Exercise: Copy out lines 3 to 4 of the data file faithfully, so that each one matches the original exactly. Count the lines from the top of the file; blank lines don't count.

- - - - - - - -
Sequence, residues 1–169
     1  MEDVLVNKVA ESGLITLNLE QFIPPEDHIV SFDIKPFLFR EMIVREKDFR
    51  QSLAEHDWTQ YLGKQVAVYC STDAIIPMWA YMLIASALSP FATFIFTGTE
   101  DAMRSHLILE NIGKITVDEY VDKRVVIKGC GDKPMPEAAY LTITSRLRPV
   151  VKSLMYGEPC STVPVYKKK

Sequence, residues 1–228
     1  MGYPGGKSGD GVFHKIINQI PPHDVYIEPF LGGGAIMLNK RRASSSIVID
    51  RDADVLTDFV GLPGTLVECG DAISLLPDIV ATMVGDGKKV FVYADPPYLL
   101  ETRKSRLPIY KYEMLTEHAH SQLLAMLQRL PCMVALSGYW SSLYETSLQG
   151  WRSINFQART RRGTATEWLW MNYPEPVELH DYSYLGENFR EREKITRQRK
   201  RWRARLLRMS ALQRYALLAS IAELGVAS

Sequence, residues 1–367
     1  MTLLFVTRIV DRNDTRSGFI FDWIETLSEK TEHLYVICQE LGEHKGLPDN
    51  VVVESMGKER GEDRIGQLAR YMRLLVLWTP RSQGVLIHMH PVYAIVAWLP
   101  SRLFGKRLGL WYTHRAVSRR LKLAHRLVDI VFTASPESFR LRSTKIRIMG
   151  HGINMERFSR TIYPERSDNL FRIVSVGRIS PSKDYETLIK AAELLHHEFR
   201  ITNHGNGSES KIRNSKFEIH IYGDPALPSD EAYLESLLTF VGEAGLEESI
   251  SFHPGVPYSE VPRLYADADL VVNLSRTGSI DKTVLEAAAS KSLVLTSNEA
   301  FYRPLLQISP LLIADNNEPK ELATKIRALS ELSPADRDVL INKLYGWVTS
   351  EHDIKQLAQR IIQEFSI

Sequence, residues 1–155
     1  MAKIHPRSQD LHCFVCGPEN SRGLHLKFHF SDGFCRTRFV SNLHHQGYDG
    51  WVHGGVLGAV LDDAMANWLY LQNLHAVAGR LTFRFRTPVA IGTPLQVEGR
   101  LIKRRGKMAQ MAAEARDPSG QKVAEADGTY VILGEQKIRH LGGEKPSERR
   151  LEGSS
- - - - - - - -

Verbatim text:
    51  QSLAEHDWTQ YLGKQVAVYC STDAIIPMWA YMLIASALSP FATFIFTGTE
   101  DAMRSHLILE NIGKITVDEY VDKRVVIKGC GDKPMPEAAY LTITSRLRPV